7. The profile creation method according to claim 4,
wherein the correction is available in any directions as long as a correction amount is within a predetermined allowable range.
8. The profile creation method according to claim 7,
wherein the allowable range narrows as the time lapse.
9. The profile creation method according to claim 1, comprising:
referencing the created profile and defining correspondence between a lattice point in the ink color space and a lattice point in a color space used for image data on a specified imaging device to create a color correction profile.
10. A profile creation apparatus to create a profile which makes the correspondence between a lattice point in an ink color space composed of ink colors and a lattice point in a device-independent color space, the apparatus comprising:
a stable position acquisition means for defining a virtual force acting on a focused lattice point in a device-independent color space and obtaining the focused lattice position in a stable state reached when the virtual force acts on the focused lattice point; and
a profile creation means for working based on a transform model for transforming a lattice point in the ink color space into a lattice point in the device-independent color space to obtain a lattice point in an ink color space corresponding to a focused lattice position in the stable state and creating a profile by making correspondence between both,
wherein the virtual force includes a resistive force whose magnitude is proportional to a speed for movement of the focused lattice point.
11. A computer-readable storage medium having a profile creation program stored thereon, the profile creation program causing a computer to create a profile which makes the correspondence between a lattice point in an ink color space composed of ink colors and a lattice point in a device-independent color space, and the profile creation program causing the computer to implement functions comprising:
a stable position acquisition function for defining a virtual force acting on a focused lattice point in a device-independent color space and obtaining the focused lattice position in a stable state reached when the virtual force acts on the focused lattice point; and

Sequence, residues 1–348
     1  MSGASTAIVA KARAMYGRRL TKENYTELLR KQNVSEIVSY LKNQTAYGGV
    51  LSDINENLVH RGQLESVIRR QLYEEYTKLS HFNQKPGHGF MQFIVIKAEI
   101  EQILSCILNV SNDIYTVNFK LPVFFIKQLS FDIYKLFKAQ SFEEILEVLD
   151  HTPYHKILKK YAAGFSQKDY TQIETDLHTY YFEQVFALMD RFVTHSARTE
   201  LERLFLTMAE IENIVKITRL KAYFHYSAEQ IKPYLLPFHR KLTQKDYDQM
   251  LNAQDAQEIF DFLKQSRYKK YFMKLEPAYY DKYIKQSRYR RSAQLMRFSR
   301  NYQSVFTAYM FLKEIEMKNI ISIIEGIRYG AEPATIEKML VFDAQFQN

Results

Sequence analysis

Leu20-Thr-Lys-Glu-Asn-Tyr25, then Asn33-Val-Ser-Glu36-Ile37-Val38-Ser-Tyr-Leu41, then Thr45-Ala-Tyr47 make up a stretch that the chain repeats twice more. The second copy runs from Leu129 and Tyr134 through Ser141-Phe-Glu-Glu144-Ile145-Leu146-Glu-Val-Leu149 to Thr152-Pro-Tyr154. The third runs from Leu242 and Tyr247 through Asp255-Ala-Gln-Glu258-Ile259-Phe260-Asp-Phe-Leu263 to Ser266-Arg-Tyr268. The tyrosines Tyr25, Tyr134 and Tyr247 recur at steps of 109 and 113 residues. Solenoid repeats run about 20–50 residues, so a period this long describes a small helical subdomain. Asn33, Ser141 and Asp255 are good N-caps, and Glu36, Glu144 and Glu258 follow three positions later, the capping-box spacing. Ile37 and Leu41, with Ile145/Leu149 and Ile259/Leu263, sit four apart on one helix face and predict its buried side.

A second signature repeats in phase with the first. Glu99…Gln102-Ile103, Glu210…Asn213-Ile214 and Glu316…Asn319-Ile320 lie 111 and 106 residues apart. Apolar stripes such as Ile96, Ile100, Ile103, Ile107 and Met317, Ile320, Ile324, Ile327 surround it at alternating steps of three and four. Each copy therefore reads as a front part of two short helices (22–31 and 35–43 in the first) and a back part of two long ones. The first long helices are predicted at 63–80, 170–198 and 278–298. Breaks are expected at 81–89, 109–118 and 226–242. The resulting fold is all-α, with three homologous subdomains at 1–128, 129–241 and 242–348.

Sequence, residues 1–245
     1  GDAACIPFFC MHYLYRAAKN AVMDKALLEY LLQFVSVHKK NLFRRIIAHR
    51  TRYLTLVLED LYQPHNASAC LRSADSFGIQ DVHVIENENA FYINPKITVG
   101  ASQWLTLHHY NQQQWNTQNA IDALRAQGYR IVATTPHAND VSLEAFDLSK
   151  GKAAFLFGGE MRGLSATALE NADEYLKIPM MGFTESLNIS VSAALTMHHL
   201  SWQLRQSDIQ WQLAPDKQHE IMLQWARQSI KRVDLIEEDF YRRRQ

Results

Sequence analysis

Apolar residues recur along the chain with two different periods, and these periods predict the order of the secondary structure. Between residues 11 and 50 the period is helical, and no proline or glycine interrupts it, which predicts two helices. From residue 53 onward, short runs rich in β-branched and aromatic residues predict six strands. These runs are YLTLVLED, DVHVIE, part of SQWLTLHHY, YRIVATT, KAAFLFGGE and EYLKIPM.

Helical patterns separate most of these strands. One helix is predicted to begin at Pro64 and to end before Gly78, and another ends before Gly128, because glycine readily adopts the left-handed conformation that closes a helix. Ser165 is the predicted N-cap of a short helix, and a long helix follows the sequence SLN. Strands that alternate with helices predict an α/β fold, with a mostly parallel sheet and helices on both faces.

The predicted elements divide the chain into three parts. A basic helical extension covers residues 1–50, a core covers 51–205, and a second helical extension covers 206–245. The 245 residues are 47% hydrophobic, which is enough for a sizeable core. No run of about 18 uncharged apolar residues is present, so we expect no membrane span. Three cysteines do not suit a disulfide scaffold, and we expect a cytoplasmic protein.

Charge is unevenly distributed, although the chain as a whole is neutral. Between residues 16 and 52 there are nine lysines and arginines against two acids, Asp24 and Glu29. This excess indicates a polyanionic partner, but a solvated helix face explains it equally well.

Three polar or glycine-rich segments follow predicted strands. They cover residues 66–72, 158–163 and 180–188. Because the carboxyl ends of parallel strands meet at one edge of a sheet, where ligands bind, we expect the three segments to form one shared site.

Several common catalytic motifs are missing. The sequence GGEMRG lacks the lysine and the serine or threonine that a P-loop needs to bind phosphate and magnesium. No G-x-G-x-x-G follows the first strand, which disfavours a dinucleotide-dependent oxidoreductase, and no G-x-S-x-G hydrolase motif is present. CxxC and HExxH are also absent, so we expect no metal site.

a profile creation function for working based on a transform model for transforming a lattice point in the ink color space into a lattice point in the device-independent color space to obtain a lattice point in an ink color space corresponding to a focused lattice position in the stable state and creating a profile by making correspondence between both,
wherein the virtual force includes a resistive force whose magnitude is proportional to a speed for movement of the focused lattice point.
12. A print control apparatus which references a color correction profile to transform colors for printing, the print control apparatus comprising:
a memory in which program instructions are stored for execution by a processor, the program instructions causing the processor to create the color correction profile,
wherein the color correction profile is data created by defining a virtual force acting on a focused lattice point in a device-independent color space, obtaining the focused lattice position in a stable state reached when the virtual force acts on the focused lattice point, obtaining a lattice point in an ink color space corresponding to a focused lattice position in the stable state based on a transform model for transforming a lattice point in an ink color space composed of ink colors into a lattice point in the device-independent color space, creating a profile by making correspondence between both, and specifying, based on the created profile, correspondence between image data processed in a printer and image data processed in a specific imaging device,